Wild-eyed alarmism makes Iranian leaders and U.S. voters more likely to make bad choices.
Newt Gingrich campaigns in Florida / Reuters
There are a number of very good reasons that the U.S. should want to keep Iran from getting a nuclear bomb: it would destabilize the already unstable Middle East, give Iran greater cover for adventurism abroad, provoke Israel and possibly Saudi Arabia, and increase the possibility of nuclear war. But one of those reasons is not, as Newt Gingrich put it at a recent event in central Florida, "If Iranians get nuclear weapons, they don't have to fire a missile. They can just drive a boat into Jacksonville. Drive a boat into New York harbor."
Iran is not going to park a nuclear-armed boat at the ports of Jacksonville, New York, or any other American city. There are a number of reasons why -- I explain a few of them below -- but what's more important than the wrongness of Gingrich's comment is the dangerous trend it represents.
Republican presidential candidates have been fighting to outdo one another on who can build Iran up as the scariest and most immediate threat. Mitt Romney named it the greatest threat since the Soviet Union, Herman Cain called for outright regime change, Michele Bachmann suggested they were dead set on sparking "worldwife nuclear war." The politics of this are obvious and easy; the scarier you make Iran, the more likely voters are to prefer your confrontational rhetoric. People respond to fear, and it's easier to understand "Iran is evil" than the complexities of why an isolated Iranian regime might seek nuclear capability and how they would use it. But this increasingly outlandish fear-mongering is dangerous in itself.
Imagine you're a high-level Iranian official. All your adult life the only system you've known is Iran's, which is nominally quasi-democratic but strictly authoritarian, a system where everybody gets in line behind the Supreme Leader, whose bidding is law. You hear reports that a prominent American official named Newt Gingrich, whom your advisers tell you could become the next American president, is playing up the threat you pose to the U.S. and openly contemplating a preemptive war against you. Do you respond by shrugging off his comments as meaningless campaign rhetoric that would probably not translate into policy, or do you start thinking about how to defend your country from this apparently erratic threat?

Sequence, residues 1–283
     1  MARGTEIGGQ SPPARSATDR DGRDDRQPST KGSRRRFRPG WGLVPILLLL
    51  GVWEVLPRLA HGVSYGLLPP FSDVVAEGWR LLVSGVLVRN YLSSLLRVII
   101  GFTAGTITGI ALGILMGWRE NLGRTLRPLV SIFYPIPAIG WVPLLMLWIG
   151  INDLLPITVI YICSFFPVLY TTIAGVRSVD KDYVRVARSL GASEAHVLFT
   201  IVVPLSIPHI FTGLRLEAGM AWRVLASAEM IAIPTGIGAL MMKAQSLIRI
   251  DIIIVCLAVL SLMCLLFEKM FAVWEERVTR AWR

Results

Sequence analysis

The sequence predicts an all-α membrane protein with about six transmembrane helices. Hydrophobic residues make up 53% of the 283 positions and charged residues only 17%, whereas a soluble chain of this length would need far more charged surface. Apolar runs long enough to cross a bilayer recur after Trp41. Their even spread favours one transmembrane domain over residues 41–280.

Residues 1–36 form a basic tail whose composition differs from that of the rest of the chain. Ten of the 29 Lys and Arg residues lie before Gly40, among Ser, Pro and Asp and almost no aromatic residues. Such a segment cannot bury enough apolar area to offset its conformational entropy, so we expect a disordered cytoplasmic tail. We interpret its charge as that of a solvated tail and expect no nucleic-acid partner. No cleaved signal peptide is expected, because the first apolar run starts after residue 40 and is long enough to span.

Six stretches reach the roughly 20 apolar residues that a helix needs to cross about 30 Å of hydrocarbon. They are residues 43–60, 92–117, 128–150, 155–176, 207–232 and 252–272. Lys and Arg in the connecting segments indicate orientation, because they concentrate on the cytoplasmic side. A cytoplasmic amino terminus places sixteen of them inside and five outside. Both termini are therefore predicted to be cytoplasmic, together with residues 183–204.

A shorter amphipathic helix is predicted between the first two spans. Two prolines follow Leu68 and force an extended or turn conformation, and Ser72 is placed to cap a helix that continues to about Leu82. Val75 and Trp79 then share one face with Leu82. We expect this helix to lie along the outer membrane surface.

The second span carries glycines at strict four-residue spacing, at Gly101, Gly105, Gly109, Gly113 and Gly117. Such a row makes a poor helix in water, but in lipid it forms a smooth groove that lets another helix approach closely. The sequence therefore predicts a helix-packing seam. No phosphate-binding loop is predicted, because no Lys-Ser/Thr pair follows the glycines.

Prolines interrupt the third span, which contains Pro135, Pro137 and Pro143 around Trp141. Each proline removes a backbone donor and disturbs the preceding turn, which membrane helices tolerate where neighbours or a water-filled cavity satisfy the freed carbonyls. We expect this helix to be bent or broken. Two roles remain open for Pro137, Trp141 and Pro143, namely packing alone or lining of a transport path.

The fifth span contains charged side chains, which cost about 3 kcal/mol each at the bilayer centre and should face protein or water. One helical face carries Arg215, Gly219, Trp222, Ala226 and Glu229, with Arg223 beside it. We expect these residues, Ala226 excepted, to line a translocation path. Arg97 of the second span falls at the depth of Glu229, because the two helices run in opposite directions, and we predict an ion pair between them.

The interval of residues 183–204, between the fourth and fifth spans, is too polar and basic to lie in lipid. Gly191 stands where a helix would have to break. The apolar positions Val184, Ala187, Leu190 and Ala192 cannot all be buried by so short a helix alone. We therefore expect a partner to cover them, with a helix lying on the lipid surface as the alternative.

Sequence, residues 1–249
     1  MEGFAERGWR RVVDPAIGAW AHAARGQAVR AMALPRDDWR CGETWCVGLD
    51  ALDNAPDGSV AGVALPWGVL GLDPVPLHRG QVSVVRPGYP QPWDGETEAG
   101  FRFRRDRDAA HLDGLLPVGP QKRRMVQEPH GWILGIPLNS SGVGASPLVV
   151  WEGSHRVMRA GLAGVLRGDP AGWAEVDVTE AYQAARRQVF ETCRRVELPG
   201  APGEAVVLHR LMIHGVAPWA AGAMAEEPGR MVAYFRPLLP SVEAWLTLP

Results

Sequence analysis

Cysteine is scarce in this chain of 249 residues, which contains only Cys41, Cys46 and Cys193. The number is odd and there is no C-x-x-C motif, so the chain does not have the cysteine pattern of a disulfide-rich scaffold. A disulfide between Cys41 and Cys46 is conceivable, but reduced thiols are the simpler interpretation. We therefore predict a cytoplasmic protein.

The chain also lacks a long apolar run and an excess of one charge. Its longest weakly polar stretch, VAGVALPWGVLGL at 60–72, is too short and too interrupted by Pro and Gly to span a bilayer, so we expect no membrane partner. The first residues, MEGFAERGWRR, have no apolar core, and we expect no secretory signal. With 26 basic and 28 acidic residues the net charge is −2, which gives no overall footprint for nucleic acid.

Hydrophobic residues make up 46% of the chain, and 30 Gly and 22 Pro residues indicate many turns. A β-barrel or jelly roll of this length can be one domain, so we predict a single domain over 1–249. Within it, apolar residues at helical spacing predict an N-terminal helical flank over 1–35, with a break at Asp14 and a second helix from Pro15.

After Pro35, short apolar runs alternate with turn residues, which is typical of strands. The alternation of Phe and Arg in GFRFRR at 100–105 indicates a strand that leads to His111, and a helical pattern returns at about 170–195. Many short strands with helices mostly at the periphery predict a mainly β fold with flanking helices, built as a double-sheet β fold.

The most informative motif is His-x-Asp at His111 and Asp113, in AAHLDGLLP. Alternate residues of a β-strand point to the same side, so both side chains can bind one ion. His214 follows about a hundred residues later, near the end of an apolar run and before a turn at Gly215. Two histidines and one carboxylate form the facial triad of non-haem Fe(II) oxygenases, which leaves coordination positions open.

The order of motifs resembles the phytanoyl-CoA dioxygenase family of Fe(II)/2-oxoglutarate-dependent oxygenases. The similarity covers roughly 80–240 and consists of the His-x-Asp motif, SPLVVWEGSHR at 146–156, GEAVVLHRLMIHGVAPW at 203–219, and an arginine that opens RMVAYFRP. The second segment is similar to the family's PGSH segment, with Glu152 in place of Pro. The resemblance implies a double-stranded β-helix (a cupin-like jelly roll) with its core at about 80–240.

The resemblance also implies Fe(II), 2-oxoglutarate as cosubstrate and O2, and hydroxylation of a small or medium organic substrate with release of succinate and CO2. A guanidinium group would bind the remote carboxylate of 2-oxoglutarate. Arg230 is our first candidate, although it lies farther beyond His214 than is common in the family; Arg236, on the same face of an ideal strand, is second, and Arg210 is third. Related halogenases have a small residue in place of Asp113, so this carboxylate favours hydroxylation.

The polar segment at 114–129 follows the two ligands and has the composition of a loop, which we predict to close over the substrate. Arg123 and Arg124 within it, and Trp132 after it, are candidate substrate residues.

The Republican primary field's exaggeration of the Iranian threat might make for good politics, but it misleads both Iranian leaders as well as U.S. voters, making both of them more likely to make bad choices. The U.S.-Iran relationship is complicated and dangerous enough without Gingrich or others disseminating bad information. People tend to behave irrationally and aggressively when they believe they are cornered. This is the situation that some Republicans are trying to portray, with violence as our only option. Iranian leaders may be increasingly perceiving that they are cornered as well (with plenty of help from whomever is killing those Iranian scientists), and according to a U.S. intelligence report, may see attacking the U.S. directly as an increasingly attractive defensive option. There's a lot more than just campaign trail alarmism at play here, but with Gingrich and Romney doing seemingly whatever they can to hype the danger and terrify people, it certainly isn't helping.